In 2014, the free countries were Hong Kong, Singapore, Australia, New Zealand, Switzerland and Canada, hereafter called the “Free Six.” In 2014, the return of each of the Free Six indexes beat the return of the MSCI EAFE Foreign Index.
As a result, using the net returns of iShares MSCI funds in U.S. dollars, an equal allocation of the Free Six (EWH, EWS, EWA, ENZL, EWL, EWC) beat the return of the EAFE fund (EFA) by 7.92% over 2014. (If you add in the return of the United States as a seventh mostly-free country, then they beat the EAFE by 9.45%.)
MSCI country indices are calculated in a country’s local currency as well as translating that currency back into U.S. dollars. This year that conversion hurt foreign stocks as the U.S. dollar appreciated against most currencies.
Although the EAFE Net Index lost 4.90% when measured in U.S. dollars, it gained 5.67% when measured in local currency. The 10.57% difference between the returns was a result of currency exchange. During 2014, the euro and the yen dropped 12.09% and 12.10%, respectively, against the dollar. Currencies of the Free Six held their value better than the Euro and the Yen.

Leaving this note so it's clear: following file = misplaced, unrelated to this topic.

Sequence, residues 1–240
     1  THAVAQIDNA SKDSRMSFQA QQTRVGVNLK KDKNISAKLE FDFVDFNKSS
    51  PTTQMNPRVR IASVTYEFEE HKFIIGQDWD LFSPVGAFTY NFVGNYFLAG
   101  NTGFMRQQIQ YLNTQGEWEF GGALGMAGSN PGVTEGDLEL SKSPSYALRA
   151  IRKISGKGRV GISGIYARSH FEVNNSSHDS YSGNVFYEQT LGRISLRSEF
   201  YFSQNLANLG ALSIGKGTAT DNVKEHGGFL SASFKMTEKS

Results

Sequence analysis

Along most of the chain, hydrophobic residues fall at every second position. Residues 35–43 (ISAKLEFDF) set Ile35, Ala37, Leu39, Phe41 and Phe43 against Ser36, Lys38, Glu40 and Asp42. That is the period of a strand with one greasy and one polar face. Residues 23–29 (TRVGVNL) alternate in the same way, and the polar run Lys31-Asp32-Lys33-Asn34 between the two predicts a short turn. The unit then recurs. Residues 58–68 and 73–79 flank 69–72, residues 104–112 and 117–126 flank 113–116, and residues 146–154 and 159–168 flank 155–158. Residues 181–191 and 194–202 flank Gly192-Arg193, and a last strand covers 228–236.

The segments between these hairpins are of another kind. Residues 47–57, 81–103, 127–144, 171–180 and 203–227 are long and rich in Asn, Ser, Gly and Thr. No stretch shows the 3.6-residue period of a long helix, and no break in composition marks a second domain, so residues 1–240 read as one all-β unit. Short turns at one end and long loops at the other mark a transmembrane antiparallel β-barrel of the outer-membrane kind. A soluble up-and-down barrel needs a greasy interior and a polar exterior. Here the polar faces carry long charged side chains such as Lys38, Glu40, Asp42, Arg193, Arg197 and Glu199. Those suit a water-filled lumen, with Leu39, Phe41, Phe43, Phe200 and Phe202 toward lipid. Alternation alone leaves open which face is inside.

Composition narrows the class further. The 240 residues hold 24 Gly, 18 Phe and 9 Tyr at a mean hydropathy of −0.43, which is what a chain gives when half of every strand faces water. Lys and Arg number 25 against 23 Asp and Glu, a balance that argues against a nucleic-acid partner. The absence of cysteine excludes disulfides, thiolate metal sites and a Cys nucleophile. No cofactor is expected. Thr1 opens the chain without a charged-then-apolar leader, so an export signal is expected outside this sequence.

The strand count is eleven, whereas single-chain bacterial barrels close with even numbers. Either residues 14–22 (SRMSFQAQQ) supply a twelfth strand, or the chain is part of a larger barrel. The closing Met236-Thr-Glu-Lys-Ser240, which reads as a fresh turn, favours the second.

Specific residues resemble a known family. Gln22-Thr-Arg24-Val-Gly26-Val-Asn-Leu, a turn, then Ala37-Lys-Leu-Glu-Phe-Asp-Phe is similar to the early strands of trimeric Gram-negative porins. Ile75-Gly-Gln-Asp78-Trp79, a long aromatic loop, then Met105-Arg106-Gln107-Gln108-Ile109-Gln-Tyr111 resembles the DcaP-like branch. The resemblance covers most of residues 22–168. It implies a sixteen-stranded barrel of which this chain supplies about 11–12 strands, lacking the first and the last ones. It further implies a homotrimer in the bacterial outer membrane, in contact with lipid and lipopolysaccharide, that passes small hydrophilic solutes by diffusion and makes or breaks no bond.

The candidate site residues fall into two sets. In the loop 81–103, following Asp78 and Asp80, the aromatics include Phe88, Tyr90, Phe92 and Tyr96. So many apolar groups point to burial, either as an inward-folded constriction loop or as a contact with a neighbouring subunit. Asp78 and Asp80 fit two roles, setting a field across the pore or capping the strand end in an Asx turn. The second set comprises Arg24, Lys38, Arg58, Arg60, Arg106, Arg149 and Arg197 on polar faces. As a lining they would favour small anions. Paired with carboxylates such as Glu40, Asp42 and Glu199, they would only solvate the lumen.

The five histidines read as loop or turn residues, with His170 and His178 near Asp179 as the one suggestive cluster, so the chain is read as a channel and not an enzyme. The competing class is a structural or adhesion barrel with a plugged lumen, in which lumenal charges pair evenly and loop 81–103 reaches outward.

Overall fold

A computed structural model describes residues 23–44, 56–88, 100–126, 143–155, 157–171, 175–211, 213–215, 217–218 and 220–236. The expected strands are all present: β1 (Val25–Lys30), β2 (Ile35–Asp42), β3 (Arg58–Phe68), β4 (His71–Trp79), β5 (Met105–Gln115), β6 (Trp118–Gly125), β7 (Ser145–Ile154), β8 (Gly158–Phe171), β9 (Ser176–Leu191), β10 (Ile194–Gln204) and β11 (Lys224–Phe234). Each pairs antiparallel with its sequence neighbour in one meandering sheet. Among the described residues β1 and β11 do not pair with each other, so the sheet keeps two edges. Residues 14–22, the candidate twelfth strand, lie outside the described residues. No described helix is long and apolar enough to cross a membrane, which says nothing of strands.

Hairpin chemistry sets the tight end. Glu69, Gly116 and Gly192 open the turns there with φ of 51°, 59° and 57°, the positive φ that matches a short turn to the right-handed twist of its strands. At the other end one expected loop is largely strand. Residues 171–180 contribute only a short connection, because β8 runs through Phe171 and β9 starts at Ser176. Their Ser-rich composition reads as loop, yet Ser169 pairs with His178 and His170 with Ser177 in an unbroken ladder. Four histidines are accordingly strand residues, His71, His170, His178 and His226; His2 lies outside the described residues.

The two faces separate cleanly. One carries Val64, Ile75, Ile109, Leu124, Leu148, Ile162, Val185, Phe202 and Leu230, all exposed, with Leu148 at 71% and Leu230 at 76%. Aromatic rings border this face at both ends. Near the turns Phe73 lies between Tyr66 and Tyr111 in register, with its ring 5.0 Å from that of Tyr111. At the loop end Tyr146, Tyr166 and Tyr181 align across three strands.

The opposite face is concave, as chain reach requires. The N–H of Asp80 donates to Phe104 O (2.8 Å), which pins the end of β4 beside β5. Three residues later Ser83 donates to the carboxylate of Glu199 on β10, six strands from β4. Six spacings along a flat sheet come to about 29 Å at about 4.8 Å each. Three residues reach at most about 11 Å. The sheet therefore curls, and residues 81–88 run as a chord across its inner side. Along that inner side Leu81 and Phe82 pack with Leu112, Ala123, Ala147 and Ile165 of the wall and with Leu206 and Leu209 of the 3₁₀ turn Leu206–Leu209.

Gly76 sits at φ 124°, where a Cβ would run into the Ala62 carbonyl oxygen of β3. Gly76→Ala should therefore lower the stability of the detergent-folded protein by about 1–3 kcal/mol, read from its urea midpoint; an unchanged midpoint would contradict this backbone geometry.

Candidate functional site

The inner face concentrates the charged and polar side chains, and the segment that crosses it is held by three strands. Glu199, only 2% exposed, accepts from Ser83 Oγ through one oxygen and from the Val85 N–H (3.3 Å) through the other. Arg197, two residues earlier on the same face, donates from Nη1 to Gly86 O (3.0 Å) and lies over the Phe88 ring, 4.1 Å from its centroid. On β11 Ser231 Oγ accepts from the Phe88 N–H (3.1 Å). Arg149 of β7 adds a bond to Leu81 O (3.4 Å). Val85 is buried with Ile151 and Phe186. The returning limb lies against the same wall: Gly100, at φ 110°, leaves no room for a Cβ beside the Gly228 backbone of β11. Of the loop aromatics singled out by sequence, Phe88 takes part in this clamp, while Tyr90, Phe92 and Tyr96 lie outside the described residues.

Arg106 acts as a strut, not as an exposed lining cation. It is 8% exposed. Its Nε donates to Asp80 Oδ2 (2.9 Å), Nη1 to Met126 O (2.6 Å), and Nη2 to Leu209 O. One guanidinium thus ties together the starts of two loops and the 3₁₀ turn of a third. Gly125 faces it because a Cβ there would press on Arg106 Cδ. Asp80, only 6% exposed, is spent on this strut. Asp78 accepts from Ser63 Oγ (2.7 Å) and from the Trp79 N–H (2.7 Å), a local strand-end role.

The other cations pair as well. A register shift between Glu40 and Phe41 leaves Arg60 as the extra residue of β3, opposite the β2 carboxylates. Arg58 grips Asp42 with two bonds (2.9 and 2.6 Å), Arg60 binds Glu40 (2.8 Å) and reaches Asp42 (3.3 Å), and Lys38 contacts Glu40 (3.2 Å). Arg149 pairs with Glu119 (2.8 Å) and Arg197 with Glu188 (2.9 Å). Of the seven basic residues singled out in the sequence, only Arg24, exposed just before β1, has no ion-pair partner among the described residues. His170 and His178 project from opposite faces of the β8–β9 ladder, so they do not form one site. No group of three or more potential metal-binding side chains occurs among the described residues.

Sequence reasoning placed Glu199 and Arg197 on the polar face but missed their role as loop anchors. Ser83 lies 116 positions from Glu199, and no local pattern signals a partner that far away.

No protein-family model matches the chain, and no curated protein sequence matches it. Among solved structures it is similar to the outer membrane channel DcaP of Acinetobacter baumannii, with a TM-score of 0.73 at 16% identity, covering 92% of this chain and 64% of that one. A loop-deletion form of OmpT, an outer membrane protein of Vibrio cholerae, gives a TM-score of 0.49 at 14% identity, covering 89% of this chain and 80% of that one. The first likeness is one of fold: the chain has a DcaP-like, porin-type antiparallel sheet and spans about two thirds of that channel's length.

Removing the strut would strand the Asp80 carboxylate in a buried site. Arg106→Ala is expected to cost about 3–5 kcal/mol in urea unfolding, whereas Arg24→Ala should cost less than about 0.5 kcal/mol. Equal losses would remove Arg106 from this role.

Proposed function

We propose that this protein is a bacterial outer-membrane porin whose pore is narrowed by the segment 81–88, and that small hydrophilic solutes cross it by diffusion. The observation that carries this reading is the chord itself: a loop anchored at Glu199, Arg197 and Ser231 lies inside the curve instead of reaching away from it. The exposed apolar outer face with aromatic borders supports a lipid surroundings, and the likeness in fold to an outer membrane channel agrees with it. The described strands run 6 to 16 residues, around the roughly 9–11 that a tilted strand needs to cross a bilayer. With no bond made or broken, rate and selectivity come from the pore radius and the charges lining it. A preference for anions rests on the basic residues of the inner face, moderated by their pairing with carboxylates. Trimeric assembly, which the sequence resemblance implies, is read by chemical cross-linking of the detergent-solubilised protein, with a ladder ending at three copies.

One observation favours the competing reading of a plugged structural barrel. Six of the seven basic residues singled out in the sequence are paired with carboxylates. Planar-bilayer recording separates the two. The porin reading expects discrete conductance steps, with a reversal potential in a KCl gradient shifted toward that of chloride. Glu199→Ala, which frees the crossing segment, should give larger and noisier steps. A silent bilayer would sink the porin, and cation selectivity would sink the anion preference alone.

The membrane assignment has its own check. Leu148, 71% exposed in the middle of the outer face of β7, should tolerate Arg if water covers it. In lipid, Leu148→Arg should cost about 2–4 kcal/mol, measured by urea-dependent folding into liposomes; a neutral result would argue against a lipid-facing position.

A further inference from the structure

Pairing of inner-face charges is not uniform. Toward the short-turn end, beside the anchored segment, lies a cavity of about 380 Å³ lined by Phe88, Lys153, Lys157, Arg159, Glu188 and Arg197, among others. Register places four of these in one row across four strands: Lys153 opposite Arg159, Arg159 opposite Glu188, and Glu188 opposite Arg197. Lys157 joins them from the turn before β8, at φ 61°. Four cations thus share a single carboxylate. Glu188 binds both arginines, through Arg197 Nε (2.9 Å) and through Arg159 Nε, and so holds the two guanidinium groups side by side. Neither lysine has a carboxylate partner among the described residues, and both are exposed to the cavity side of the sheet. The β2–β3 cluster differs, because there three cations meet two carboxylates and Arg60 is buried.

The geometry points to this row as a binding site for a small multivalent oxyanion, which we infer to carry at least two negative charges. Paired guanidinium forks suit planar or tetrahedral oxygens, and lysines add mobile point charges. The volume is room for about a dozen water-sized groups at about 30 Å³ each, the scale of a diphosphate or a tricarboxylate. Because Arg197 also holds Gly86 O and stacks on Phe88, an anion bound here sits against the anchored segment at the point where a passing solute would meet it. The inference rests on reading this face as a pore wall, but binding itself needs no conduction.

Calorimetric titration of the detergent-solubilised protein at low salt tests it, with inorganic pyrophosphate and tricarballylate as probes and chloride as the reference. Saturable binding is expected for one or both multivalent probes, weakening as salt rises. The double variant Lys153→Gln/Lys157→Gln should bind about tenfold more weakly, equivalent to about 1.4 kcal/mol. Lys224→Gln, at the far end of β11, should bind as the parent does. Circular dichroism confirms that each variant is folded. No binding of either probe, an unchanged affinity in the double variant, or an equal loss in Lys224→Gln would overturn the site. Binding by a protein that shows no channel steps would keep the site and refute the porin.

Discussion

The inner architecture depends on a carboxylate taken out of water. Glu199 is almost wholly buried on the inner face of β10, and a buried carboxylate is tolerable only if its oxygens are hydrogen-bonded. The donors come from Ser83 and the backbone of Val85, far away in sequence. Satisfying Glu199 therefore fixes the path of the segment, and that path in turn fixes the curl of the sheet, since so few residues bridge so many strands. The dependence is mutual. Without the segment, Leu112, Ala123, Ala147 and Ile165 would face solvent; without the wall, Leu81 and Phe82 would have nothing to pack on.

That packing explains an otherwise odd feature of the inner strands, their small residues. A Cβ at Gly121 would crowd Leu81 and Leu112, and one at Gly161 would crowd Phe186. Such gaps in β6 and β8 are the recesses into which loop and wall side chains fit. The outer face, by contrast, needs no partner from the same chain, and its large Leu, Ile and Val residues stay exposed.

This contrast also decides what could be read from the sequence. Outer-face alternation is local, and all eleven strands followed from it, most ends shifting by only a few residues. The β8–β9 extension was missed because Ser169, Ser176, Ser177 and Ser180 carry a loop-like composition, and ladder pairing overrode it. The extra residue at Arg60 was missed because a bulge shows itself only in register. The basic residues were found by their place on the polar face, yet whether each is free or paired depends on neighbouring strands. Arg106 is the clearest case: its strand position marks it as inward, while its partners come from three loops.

With everything measured in local currencies, the average return of the Free Six was 10.44%, outperforming the EAFE Index’s local return by 4.77%.
Even in a year when Foreign stocks as a whole have a negative return, investing in countries with the most economic freedom still boosts returns.